MUNCIE – An overflow crowd of about 75 people showed up at a city-county plan commission meeting Thursday night in opposition to a possible Delaware County wind farm.
“Everyone feels blindsided,” said opponent James Rybarczyk, an associate professor of chemistry at Ball State, who was applauded.
He called commercial wind turbines weighing half a million pounds each “whirling, monstrous machines” that fit well in desolate areas of Texas and California but not in more densely populated rural areas like Delaware County.
Borrowing a line from O.J. Simpson defense attorney Johnnie Cochran, Rybarczyk said, “If it doesn’t fit, you must not permit.”
The commission is considering a zoning amendment that would permit wind farms in farming zones and also establish regulations, including setback distances between wind turbines and residences.
Noting that commission director Marta Moody had proposed three different setbacks (first 1,000 feet, then 1,250 feet and finally 1,320 feet) during the meeting, Rybarczyk said, “Marta seems to be pulling them out of a hat. Where are the scientific data?”
The commission agreed that it was not ready to vote on the proposed regulations Thursday night, postponing action for at least a month, while it considers information presented by the opponents.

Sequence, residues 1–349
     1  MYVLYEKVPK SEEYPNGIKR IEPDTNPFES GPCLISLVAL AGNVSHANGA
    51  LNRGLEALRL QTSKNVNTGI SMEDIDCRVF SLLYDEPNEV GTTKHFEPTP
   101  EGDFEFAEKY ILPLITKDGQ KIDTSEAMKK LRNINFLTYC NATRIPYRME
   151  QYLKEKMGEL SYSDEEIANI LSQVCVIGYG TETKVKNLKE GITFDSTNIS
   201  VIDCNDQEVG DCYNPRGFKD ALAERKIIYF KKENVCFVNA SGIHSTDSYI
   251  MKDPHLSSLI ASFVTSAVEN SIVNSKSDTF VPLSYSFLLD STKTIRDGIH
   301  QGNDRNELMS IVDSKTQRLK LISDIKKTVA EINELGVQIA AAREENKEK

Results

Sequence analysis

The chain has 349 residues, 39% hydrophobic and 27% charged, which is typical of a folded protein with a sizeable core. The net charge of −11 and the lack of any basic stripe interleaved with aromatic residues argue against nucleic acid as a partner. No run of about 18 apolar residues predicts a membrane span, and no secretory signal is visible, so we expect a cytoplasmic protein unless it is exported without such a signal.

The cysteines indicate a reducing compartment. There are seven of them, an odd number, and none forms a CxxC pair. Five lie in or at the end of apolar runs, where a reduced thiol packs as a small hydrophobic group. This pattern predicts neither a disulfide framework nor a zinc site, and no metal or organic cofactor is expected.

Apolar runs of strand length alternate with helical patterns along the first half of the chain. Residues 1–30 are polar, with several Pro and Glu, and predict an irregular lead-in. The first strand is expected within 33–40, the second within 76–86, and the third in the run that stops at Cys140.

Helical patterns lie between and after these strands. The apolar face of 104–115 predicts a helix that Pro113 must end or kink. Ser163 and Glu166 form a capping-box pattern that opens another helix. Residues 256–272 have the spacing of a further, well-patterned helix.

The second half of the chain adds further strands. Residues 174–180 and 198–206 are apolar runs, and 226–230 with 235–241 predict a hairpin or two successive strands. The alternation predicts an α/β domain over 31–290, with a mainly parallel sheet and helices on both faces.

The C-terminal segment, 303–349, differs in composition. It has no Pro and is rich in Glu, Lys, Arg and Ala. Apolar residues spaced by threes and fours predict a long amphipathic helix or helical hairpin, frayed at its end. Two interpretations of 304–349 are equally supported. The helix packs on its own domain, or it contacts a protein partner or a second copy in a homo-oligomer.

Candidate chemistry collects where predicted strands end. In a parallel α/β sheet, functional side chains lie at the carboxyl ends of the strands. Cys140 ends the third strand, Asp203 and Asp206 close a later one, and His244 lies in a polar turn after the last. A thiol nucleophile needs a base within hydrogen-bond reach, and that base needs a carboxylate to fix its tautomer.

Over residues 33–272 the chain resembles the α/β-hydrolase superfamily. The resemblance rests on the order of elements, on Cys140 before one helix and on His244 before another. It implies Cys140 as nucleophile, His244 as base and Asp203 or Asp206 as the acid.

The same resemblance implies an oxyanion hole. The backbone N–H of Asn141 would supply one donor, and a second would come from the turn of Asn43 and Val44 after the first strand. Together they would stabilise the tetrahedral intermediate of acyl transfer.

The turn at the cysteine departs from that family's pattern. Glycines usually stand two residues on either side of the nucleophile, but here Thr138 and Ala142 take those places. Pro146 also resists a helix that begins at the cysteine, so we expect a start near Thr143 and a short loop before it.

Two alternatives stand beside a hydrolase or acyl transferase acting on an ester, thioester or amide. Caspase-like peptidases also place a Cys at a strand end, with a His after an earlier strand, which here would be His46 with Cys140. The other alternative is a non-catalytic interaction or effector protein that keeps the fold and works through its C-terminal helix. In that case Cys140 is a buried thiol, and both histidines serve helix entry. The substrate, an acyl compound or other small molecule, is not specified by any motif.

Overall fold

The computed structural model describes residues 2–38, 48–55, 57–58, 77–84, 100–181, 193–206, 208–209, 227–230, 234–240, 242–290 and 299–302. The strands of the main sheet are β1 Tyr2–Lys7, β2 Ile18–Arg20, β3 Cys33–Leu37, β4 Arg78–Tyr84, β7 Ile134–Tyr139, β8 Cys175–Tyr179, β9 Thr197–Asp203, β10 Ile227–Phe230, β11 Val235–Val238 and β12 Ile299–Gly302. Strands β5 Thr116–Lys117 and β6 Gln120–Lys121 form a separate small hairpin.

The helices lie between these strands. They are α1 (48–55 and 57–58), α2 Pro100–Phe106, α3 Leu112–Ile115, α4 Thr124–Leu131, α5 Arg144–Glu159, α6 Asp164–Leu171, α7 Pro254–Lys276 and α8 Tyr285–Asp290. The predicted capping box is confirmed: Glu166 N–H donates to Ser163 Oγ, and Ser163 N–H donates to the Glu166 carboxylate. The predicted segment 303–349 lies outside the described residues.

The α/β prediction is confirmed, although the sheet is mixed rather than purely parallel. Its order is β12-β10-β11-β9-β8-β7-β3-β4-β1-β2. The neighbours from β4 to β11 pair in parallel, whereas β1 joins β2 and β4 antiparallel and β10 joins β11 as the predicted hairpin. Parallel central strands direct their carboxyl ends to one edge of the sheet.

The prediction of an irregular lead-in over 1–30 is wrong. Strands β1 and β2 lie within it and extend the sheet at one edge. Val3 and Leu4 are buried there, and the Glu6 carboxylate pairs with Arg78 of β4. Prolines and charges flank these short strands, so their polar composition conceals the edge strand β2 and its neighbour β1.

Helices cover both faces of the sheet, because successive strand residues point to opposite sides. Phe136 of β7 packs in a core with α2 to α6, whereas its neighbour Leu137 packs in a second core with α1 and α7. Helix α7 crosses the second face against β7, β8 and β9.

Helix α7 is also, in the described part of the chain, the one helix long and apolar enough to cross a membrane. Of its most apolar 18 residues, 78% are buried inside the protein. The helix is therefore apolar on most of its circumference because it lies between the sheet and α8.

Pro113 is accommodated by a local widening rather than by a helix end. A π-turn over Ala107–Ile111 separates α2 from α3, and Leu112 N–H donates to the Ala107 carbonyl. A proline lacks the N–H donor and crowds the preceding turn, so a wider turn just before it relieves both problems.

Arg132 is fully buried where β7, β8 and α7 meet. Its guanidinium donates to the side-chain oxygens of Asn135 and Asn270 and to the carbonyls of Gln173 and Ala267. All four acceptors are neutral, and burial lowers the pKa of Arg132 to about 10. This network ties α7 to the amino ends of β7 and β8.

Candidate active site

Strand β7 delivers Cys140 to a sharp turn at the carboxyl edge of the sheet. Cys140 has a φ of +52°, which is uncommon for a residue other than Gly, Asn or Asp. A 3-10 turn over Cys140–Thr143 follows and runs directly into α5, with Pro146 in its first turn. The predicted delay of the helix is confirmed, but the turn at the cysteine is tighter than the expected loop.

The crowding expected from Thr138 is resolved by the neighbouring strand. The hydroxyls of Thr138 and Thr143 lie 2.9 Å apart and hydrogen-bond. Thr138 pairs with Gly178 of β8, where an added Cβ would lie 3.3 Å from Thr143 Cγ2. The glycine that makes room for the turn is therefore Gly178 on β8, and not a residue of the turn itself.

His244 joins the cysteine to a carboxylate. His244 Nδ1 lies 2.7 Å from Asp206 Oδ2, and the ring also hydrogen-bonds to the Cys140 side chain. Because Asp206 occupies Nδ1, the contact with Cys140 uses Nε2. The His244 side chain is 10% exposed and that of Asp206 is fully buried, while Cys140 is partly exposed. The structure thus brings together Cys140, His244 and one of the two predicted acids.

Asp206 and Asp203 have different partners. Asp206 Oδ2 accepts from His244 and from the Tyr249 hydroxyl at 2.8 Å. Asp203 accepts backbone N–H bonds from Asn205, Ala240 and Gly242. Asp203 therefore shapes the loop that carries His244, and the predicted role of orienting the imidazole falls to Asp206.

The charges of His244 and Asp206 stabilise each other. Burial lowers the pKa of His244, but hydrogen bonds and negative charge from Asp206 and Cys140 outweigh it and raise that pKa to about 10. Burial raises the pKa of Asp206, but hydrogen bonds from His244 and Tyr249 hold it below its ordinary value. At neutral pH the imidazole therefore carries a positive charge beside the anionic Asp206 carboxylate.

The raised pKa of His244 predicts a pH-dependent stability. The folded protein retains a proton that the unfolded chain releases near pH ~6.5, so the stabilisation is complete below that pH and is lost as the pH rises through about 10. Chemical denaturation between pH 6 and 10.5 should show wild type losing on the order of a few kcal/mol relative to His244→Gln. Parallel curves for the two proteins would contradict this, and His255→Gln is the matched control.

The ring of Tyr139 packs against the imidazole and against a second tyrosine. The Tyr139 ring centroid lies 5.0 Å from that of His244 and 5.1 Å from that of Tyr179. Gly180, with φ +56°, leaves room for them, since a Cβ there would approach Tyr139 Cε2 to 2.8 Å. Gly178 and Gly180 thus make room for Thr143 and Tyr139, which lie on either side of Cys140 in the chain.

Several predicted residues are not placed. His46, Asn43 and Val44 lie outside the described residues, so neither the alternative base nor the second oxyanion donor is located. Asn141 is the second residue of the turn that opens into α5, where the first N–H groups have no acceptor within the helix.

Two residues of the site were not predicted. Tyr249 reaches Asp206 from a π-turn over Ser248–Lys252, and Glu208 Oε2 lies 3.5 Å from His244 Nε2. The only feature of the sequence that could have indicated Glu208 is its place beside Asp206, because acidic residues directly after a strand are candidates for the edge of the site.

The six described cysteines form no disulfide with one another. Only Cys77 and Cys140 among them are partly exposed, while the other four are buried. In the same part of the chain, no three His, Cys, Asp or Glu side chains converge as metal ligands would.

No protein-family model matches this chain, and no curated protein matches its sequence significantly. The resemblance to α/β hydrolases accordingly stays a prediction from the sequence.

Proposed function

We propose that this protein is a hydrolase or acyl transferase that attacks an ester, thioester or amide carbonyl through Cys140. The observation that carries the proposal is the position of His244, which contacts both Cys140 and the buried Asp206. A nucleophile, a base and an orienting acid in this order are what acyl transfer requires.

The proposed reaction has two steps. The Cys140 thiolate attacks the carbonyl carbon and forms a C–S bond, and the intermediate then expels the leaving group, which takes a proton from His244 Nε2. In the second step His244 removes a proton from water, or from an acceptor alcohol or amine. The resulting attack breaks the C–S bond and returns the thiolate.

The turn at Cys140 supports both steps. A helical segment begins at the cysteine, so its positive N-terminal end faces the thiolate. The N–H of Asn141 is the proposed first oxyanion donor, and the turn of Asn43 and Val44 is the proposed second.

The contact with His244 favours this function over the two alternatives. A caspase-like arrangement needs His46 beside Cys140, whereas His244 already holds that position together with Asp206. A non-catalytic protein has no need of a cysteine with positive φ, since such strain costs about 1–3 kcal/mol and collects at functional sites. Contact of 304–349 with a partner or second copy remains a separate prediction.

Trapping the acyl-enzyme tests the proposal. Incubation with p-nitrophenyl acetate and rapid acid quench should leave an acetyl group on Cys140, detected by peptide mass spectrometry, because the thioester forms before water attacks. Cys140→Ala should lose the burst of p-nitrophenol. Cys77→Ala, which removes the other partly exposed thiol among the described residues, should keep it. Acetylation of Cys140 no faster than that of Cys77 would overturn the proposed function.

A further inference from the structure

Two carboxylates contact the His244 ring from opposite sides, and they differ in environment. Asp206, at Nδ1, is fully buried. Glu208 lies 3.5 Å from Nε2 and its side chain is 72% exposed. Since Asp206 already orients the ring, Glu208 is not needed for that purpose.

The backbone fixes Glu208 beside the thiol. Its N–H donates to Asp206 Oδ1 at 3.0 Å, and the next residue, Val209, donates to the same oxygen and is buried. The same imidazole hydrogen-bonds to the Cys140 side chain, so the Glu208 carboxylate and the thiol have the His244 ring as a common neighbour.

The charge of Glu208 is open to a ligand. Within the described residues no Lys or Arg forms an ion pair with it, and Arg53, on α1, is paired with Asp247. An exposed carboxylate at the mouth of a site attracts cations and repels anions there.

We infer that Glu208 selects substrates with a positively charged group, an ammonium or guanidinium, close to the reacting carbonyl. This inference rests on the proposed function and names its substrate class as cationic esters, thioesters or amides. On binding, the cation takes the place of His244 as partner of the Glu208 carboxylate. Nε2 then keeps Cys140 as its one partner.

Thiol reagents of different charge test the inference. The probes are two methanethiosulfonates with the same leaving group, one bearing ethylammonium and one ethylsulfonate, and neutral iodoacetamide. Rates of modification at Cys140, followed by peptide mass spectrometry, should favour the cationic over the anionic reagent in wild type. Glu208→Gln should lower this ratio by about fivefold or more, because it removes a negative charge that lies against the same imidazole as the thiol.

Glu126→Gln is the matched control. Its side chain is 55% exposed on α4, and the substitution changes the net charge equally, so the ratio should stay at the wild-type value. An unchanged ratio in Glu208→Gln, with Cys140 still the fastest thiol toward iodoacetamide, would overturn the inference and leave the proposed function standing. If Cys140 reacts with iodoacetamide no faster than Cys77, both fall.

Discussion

Before the commission voted to continue the hearing until at least June 6, opponent H.C. Cross said he felt “like you’re ramming it down our neck” in a “hush-hush” manner.
“I’m not totally satisfied with the proposal in front of you,” Moody told the commission. “There have been some good comments tonight.”
Delaware County Council President Kevin Nemyer echoed opponents’ concerns that things are moving too quickly.
He said the first contact he had with wind farm developer E.ON Climate & Renewables was this week, when the company made a presentation to a property tax abatement committee of county government.
Property owner Mel Botkin, who spoke in favor of wind farms, said E.ON already has leased 15,000 acres in Delaware County for a project.
At the end of Thursday night’s meeting, Lael Eason, an E.ON development manager from Chicago, said many of the claims made by opponents “are simply false.”
The opponents spoke of wind farm fires, failures, shrapnel flying 4,000 feet through the air, strobe lights, homes near wind farms in Wisconsin being abandoned, threats to autistic children, low-frequency noise, loss of property values and other concerns.
“There have been no back-door deals,” plan commission member and Delaware County Commissioner Larry Bledsoe said. “The minutes of our meetings prove this (topic) didn’t spring up on anybody. It’s not that anybody’s mind is made up.”
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